When was the last time you made certain all of the beneficiary statements you have created are still appropriate? If you are like most of us, the answer is, “I am not sure when the last time I did a review.”
Before you launch into this project, you need to determine all of the different places you might have a beneficiary contract in place. Of course, the primary document is your Will. Many individuals use a Living Trust as the primary instruction document instead of the Will. In either case, once you are certain all of the provisions of either of these documents are still appropriate, you can move onto the remaining accounts, documents, and policies.
To assist your family should you pass away prematurely, it would be wise to make a listing of all of the outside accounts and policies. Included in this list should be the location of important papers such as policies or documents confirming changes to your accounts.
Life insurance is generally the second most common place where individuals have identified a beneficiary. Since life insurance policies can become very old and actually purchased decades prior to the eventual benefit payment, the policy can easily become lost or misplaced over the years. You should take the time now to locate these documents and file them in a safe place within your home, preferably a fireproof cabinet or lockbox. Over the years, the policy may now be serviced by a new company. You should also take time to confirm the contact information for the insurance carrier.
Additionally, you may find in your records policies you have dropped over the years. Once you are certain these policies are cancelled and are worthless, the old policies should be destroyed as to not be misleading to your heirs.
Retirement accounts are next in line. And again, there may be numerous accounts or plans that need to be updated. For some, you may now be working with your second or third employer. Each prior employer may still have a retirement or pension plan in place with obligations to you. You should take the time to contact each former employer to make certain there are not any plans in place you may not recall. If one exists, it may be time to consolidate the plan with current accounts, if it is permitted by the plan. If consolidation is not possible, then this is another benefit to be added to your master list and to make certain beneficiary information is up-to-date and correct.
Once you have checked with your former employers, then you should review each personal retirement account you have in place. This includes any SEP, IRA, Roth, 403b, or other types of retirement accounts. Each account has its own beneficiary information, so each one will need to be reviewed.
Other insurance policies such as annuities also have beneficiary statements. While these policies can be established as retirement accounts, they can also be non-qualified accounts. Policies such as disability or long-term care may also have a beneficiary statement for residual benefits. So, these need to be verified as well.
Bank accounts are another area where beneficiary contracts may exist. For older individuals, the use of informal trusts is very common. Examples of these are, POD (pay on death), TOD (transfer on death), ITF (in trust for) ATF (as trustee for). These are documents signed in conjunction with a bank or brokerage account. As they stipulate, upon the death of the accountholder or holders, the funds are to be for the benefit of the beneficiaries indicated on the forms. Most often, the account title will indicate whether the account is subject to one of these informal trusts by including the abbreviation.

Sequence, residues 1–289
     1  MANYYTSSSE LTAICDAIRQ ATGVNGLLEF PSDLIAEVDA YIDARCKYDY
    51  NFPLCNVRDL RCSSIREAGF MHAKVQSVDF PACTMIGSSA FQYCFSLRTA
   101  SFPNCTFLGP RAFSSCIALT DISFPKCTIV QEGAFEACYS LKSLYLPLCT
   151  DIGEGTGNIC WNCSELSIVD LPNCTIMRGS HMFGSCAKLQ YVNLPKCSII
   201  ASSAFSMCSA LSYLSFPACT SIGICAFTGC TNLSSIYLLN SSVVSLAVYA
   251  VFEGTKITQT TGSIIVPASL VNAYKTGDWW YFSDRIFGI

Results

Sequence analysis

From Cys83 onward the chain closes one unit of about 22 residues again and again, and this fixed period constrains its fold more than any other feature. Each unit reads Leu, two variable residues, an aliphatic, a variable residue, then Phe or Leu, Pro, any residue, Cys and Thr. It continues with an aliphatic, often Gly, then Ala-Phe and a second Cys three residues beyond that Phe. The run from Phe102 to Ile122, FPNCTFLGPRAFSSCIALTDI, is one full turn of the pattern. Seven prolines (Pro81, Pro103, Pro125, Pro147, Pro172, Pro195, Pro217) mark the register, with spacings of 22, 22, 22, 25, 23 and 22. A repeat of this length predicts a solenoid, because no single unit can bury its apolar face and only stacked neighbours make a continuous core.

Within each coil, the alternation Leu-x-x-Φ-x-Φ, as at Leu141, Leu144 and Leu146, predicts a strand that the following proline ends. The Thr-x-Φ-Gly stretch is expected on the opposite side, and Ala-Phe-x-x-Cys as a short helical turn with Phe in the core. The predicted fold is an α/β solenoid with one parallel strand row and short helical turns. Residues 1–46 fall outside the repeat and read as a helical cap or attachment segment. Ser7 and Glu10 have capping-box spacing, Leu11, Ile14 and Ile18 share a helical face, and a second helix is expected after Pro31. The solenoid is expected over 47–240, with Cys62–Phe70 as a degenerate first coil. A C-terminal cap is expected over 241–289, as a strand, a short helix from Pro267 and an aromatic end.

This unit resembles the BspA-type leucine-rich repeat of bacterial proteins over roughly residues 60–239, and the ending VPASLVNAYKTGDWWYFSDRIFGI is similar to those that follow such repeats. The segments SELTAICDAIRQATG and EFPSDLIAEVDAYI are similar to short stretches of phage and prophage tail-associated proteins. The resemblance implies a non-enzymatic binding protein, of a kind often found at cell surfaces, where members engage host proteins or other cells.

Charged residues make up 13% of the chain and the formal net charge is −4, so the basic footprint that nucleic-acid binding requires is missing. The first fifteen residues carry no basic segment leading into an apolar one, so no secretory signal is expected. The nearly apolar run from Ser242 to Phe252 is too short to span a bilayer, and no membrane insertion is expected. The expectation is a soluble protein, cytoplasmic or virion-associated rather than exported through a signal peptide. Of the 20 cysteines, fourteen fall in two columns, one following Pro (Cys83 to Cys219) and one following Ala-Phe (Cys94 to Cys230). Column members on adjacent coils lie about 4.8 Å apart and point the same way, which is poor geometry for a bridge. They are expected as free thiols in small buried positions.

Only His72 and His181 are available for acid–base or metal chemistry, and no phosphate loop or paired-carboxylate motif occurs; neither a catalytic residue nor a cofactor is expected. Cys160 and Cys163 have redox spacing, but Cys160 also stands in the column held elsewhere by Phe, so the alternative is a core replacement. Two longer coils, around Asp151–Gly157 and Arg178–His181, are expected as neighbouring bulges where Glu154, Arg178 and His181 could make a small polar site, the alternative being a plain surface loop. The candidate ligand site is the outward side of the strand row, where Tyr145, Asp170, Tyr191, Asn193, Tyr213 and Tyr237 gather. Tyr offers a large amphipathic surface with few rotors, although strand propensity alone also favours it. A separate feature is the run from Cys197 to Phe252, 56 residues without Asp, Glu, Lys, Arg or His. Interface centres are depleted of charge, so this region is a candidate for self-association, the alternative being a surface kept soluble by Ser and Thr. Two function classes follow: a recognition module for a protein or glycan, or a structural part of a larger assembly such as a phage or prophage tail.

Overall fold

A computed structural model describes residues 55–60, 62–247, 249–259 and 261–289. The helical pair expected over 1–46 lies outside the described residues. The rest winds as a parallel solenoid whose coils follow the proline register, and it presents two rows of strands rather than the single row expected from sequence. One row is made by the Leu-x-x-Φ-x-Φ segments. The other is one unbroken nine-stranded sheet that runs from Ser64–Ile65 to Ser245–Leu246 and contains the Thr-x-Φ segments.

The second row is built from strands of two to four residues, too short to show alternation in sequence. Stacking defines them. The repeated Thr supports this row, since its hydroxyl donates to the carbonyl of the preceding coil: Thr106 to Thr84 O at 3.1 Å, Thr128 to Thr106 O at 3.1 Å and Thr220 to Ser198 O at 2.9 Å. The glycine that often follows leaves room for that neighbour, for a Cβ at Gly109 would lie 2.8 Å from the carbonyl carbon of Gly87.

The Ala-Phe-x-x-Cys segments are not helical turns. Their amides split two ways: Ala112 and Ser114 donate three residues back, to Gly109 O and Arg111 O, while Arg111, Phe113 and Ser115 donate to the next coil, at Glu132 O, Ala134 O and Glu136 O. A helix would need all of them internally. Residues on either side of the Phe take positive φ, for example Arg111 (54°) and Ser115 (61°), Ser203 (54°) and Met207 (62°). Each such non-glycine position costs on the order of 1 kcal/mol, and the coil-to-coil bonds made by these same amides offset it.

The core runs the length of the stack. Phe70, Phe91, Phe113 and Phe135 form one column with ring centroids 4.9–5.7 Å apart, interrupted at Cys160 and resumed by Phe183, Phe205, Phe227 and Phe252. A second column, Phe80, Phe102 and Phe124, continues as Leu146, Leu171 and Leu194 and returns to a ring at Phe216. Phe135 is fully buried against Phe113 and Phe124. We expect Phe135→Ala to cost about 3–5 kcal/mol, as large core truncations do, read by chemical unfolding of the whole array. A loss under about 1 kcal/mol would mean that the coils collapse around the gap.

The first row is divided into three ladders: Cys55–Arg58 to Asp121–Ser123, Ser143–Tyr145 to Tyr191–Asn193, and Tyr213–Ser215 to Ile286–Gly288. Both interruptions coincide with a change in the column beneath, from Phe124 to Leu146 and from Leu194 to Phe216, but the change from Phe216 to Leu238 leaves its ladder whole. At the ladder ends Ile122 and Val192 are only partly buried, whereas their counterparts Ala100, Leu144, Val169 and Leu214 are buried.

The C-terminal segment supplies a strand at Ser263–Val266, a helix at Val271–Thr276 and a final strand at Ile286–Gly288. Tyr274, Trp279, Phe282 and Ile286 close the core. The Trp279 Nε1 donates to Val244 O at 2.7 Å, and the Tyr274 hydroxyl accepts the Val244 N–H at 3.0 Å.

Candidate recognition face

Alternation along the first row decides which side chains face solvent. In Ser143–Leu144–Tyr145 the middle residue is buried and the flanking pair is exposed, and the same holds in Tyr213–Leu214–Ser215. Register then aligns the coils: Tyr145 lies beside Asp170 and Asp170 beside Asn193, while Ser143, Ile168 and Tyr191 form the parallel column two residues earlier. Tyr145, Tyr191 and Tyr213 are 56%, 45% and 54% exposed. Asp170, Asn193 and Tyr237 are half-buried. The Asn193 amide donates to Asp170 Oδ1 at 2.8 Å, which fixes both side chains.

Another way to automatically transfer ownership upon the death of one of the owners is by titling the account or property using specific instructions. One of the most common is Joint Tenants with Rights of Survivorship, sometimes abbreviated with JTWROS. This type of ownership transfers the decedent’s share to the remaining owners of the property. This type of registration is most common between spouses.
Once you have completed this review and are certain your records are now current and meeting your wishes, you should share of copy of the information with the attorney handling your estate plan as well as your financial advisor. Taking time now to make necessary corrections will assure your loved ones your wishes are being met. Errors in beneficiary documents can create significant expense and heartache if left undetected; and once a death has occurred, it may become irrevocable.
For additional information on estate or financial planning, investment management, life - health - disability - long term care insurance, or general financial questions, write to Doug Horn at Quality Financial Concepts.
HOW TO REACH THE WRITER
Would you like a response to a financial question? Send your question to Doug Horn, 115 W. Broadway, Maryville, TN 37801. Be sure to mark your envelope Money Matters.
Doug Horn, CFP, is an area financial planner with more than 24 years financial experience and founder of Quality Financial Concepts, located in downtown Maryville on Broadway.
Doug Horn, CFP, Registered Investment Advisor in Tennessee and Texas and Registered Principal, Branch Office of and Securities offered through CUE Financial, Member FINRA, SIPC.